c) high-temperature resistant turbine steels,

d) wear-resistant steels (e.g. crushers or coal mills), and

e) general structural steel for steel constructions.

1.2 Ferritic and austenitic steels

As all metals, iron and steel, too, take on a crystalline form, i.e. a the atoms arrange in a regular and
defined arrangement ("lattice"), while the metal cools down from the molten state.

In case of iron and steel, the smallest crystalline unit has a cubical shape. In the basic form of the
cube, the arrangement of atoms may differ depending on temperature and carbon content. At
temperatures below 911 °C or 723 °C (depending on the carbon content) steels have a cubic body-
centered lattice, i.e. there is an iron (Fe) atom at each edge of the cube and in its center; they are
referred to as "ferritic" steels. Above these temperatures, the atomic lattice is cubic face-centered;
in this case, the cubes have iron atoms at each corner and in each face; they are referred to as
"austenitic" steels.
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Austenitic steels, which are preferable for some application cases in power plants, e.g. against
corrosion and at high temperatures, get their specific microstructure at low temperatures only if
certain alloying elements are added, for instance nickel. They are non-magnetic and have a greater
coefficient of expansion than ferritic steels.

1.3 Other materials

Apart from steel, various non-ferrous metals are also used for certain fields of application (cf.
chapter 7). More recently, synthetic materials have also increasingly been used (cf. chapter 10).

2. General characteristics of materials for components of thermal power plants

While for structural steels the mechanical strength properties, for example, are valid up to
temperatures of approximately 100°C, the power plant components under pressure and carrying hot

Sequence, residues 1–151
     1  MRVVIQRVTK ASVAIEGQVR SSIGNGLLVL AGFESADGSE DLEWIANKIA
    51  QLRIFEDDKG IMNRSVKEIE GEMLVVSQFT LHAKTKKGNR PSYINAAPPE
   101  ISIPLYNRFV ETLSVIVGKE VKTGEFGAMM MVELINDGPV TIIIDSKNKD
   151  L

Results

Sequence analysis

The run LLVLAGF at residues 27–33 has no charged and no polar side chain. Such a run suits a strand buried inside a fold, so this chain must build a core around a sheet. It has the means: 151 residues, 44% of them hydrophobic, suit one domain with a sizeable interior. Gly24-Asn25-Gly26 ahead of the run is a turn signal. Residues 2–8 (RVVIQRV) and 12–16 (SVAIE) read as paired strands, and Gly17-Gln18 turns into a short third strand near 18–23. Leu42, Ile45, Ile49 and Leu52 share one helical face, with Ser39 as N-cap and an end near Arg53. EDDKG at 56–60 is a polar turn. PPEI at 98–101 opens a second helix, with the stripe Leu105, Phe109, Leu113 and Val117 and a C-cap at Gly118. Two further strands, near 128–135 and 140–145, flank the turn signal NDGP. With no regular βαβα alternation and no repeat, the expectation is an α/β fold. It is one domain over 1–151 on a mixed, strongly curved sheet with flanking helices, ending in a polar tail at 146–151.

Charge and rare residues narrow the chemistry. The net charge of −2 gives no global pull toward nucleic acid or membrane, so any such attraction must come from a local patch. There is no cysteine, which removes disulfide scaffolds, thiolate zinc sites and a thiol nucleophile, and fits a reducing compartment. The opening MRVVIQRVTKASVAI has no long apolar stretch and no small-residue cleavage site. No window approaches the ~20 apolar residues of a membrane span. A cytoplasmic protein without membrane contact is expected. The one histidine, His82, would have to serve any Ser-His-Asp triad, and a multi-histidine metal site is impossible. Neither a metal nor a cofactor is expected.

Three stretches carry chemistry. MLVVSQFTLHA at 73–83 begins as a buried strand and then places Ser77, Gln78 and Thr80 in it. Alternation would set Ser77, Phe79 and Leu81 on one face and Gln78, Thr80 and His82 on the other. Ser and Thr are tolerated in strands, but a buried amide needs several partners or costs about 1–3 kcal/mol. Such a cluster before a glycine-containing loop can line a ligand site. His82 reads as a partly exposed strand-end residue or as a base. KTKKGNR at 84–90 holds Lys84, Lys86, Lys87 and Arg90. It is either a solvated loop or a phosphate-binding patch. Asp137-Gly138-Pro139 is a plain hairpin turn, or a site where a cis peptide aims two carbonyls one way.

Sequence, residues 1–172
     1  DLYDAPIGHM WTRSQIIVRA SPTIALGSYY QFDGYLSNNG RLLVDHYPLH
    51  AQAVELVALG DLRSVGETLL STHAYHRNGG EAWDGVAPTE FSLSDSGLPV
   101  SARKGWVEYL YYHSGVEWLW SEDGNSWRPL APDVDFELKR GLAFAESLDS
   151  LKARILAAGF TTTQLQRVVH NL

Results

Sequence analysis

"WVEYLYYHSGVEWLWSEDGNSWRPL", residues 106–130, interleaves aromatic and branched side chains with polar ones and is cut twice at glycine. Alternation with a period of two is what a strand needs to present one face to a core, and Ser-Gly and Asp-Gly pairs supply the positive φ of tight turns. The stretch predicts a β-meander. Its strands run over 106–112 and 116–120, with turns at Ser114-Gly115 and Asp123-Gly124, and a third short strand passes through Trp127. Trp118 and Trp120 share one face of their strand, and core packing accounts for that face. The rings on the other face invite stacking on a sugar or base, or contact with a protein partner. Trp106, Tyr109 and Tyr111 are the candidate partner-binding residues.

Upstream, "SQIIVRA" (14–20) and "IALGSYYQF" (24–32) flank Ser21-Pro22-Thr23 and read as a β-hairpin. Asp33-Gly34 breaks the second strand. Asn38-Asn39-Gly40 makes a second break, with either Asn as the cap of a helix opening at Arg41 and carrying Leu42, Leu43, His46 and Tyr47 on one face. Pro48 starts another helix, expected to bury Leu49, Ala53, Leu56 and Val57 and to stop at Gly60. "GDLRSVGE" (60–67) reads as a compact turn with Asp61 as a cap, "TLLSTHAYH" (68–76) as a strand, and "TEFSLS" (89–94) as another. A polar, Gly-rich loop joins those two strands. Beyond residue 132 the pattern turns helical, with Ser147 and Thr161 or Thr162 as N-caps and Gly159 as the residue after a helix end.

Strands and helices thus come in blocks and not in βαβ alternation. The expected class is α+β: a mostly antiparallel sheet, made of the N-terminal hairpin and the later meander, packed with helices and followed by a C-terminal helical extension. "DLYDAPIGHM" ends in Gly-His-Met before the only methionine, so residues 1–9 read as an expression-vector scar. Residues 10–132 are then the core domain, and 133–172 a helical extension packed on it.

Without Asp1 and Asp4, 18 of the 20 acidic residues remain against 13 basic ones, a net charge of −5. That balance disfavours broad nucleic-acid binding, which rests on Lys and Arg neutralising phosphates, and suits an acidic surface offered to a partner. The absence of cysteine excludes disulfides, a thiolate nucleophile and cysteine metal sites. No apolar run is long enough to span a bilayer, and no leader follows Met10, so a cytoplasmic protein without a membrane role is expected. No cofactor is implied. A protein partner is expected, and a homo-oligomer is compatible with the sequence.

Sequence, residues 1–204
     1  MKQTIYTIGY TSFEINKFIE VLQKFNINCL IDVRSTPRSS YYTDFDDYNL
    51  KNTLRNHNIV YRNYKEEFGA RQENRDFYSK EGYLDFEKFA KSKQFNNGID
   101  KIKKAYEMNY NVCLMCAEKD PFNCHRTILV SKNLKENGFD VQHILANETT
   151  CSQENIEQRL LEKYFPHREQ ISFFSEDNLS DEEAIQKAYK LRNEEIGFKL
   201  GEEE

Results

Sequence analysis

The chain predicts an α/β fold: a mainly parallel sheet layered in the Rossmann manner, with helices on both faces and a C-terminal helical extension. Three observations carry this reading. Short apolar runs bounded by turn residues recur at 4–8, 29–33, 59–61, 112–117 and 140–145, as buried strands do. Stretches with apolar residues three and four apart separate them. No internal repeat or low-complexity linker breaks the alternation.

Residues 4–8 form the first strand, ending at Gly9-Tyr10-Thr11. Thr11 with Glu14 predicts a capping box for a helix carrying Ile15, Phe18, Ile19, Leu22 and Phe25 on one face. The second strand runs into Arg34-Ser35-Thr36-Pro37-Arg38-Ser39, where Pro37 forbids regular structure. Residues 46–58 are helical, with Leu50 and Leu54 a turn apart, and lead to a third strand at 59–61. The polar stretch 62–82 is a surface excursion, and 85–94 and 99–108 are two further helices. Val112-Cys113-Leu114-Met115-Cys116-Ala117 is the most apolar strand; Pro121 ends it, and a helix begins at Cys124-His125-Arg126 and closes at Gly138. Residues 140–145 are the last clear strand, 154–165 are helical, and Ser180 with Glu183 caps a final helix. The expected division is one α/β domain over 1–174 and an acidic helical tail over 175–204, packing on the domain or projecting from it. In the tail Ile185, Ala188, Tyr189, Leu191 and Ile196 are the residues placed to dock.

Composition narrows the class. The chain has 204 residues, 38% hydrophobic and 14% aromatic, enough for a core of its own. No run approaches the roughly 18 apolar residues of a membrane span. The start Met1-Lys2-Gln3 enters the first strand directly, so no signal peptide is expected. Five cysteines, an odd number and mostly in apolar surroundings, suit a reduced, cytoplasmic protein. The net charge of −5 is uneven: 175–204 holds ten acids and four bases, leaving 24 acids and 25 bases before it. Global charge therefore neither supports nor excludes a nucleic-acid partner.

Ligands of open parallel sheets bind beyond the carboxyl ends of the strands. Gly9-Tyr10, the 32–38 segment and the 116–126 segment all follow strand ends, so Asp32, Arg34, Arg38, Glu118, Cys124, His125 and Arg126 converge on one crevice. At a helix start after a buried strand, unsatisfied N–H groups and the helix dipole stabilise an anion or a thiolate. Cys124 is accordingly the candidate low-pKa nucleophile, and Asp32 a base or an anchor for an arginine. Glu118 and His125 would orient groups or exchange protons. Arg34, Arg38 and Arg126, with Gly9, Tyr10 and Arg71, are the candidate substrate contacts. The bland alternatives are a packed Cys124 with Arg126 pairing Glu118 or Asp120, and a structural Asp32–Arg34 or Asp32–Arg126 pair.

water or superheated steam have to show sufficient strength properties also at operation
temperatures. Hence, these types of steel primarily require an increased high-temperature strength
and, additionally, in case of higher temperatures, a sufficient scaling resistance. In addition, often
they have to show improved corrosion resistance.

We have to emphasize the effect of molybdenum which, particularly in the temperature range above
400°C, considerably improves the high-temperature resistance compared to other alloying elements.
This is also the reason why almost all high-temperature resistance steels for use at elevated
temperatures include molybdenum (Table 1).

Apart from high-temperature resistance, scaling resistance also ranks among the most important
properties.

The steels used today in power plant construction are first of all selected according to the criteria of
high-temperature resistance and scaling resistance. Working properties and in particular suitability
for welding are further criteria which may considerably influence the use of steel types. Among
these criteria there is also the requirement that changes in the properties of the steel in the course of
operation must not essentially affect operational safety and availability.
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Fig. 1 shows a comparison of the mechanical strength of high-temperature resistant ferritic steels
used today for pipes and headers. X20CrMoV 12 11 shows the highest temperature resistance. That
is the reason why this steel is used in the area of the highest superheated steam temperatures
permitted for ferritic steels.

Figure 1 High-temperature resistant ferritic steels for pipes and headers

σ
Βϑ/2 ⋅ 105 h (average value)